Social networks such as Facebook and Twitter have put a world of interpersonal connections quite literally in our hip pocket.
Experts say those same social networks have made it easier for people who are inclined to cheat on their significant other to do so with partners both familiar and previously unknown.
"Social media seems to have added fuel to the fire of infidelity," says Joyce Marter, a licensed psychotherapist and the CEO of Chicago-based counseling practice Urban Balance. "Former flames are just a click away. Appropriate relationship boundaries can become blurry. For example, when does casual messaging cross the line into an emotional affair?"
'Social media offers an unprecedented opportunity to engage in unfaithful behavior'
"For people who are morally willing to and motivated to, social media offers an unprecedented opportunity to engage in unfaithful behavior," adds Benjamin Karney, a professor of social psychology at the University of California at Los Angeles who has extensively studied interpersonal relationships and marriage. "You don't even have to find somebody who is in your neighborhood. You can flirt and exchange sexual communication with anyone who is willing to do it on planet Earth who is holding a smartphone."
That's something Anthony Weiner, the disgraced politician who has become the de facto poster boy for cheating in the digital age, knows all too well.
Weiner repeatedly used social media, including Facebook and Twitter, to engage in affairs, getting caught in 2011, 2013 and again this year. The first time cost him his seat in Congress. The second cost him any chance he had of becoming the mayor of New York and any chance of reclaiming his once promising political career, period. The most recent time cost him his marriage to Huma Abedin.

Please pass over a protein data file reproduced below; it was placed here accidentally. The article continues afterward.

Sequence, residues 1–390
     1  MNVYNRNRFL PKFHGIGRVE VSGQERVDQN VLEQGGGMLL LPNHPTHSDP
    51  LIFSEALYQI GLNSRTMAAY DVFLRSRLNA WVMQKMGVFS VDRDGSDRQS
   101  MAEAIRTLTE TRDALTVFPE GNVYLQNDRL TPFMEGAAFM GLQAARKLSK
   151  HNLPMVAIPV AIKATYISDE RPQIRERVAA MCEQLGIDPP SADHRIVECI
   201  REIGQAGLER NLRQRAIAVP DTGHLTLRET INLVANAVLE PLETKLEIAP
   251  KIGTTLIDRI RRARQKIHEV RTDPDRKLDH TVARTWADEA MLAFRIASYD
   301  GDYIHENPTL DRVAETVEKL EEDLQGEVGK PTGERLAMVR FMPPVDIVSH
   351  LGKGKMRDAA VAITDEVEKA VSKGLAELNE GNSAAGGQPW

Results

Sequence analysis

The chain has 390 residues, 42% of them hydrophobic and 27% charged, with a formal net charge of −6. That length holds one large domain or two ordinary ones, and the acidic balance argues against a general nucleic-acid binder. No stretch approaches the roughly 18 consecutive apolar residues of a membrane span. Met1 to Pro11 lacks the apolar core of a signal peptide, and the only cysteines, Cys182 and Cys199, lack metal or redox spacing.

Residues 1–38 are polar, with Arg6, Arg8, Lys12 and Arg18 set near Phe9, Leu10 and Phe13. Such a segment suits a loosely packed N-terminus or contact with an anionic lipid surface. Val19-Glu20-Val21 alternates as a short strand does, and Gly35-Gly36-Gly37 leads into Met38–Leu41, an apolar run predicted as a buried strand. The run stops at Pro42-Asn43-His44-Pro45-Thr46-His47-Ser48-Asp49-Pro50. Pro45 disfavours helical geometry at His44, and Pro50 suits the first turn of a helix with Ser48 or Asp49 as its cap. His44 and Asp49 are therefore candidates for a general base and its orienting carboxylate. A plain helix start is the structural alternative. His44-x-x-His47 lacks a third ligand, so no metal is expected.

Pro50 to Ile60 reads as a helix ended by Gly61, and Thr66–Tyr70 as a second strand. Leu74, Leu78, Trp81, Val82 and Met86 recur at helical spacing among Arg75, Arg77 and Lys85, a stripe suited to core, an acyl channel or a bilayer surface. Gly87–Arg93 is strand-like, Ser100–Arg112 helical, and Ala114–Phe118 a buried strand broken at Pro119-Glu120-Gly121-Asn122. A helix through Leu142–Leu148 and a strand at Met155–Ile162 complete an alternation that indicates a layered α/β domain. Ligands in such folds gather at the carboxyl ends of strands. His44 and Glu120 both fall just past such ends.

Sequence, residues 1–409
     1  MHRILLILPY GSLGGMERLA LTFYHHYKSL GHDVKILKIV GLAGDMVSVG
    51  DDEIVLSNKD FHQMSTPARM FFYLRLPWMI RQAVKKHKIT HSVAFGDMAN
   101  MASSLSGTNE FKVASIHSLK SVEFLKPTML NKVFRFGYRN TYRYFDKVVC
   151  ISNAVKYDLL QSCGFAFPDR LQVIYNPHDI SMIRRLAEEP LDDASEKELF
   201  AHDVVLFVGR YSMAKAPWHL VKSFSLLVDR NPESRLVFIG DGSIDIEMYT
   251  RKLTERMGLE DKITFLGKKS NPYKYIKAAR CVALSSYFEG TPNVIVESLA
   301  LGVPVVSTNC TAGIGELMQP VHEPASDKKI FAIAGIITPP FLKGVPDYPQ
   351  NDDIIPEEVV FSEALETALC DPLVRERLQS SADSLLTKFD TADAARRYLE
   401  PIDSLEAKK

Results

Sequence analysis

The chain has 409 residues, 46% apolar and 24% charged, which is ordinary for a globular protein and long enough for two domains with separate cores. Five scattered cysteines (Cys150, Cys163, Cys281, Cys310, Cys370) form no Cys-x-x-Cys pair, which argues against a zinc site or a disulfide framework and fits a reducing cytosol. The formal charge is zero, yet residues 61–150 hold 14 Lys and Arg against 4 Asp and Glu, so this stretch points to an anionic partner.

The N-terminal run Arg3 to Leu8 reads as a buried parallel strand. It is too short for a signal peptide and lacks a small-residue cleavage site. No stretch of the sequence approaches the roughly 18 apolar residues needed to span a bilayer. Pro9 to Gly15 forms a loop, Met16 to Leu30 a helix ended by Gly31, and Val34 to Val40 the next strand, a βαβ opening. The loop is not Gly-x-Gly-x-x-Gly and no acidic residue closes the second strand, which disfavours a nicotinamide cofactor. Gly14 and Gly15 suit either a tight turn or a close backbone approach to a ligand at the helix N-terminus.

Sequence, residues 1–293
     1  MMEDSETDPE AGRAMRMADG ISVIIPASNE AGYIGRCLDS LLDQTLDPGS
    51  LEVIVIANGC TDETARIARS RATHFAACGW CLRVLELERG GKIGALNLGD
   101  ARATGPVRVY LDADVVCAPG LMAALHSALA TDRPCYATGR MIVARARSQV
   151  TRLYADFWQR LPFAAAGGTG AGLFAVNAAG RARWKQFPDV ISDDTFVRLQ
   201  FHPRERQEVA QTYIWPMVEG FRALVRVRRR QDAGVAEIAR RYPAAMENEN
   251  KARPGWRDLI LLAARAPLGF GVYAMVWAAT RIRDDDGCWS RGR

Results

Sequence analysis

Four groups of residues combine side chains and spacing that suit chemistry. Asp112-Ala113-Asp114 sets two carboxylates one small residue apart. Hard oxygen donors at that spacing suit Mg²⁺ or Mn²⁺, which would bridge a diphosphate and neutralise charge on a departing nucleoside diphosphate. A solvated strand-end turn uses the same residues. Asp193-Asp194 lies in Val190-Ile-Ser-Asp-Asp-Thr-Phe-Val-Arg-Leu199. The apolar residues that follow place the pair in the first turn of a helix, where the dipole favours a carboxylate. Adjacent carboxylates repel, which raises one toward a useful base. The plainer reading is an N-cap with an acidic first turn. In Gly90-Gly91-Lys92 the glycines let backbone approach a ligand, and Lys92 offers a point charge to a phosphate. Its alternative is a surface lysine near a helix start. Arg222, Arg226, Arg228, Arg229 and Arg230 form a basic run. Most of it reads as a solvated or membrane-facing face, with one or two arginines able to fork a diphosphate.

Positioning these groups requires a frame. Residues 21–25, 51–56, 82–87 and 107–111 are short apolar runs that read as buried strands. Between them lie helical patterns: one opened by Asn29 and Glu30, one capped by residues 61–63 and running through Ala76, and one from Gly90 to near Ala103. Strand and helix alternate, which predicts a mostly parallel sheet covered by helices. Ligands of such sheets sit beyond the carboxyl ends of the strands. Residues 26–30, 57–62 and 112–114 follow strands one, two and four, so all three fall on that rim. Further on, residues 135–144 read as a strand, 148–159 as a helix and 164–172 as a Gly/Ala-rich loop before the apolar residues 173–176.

"The negative costs of being caught again, for Anthony Weiner, were high and very humiliating," Karney says. "For him to engage in this behavior suggests that he feels unable to stop."
'Social media has added tremendous pressure in relationships'
There haven't been any studies directly linking increased usage of social media sites like Facebook and Twitter to an increased likelihood to cheat. That being said, experts say social media could lead to marital erosion, and not just because it provides an outlet where partners could kindle a flame outside of the marriage.
"Social media has added tremendous pressure in relationships," says Mikki Meyer, a New York-based licensed marriage and family therapist. "Friendships are judged by the actions which are displayed on the internet, and information allows strangers to impose their views about what might be going on. No one really knows what happens behind closed doors, and information is often skewed depending upon the source or their perception and judgment."
What's displayed on the internet isn't always reality, which is why couples shouldn't necessarily benchmark themselves against the happy images portrayed by their friends and family online.
"People can look on Facebook and compare their own marriage negatively to the marriages they see on Facebook because people only post the good stuff on Facebook," Malec says. "Sometimes, people just assume that everyone else's marriage is much better than their own."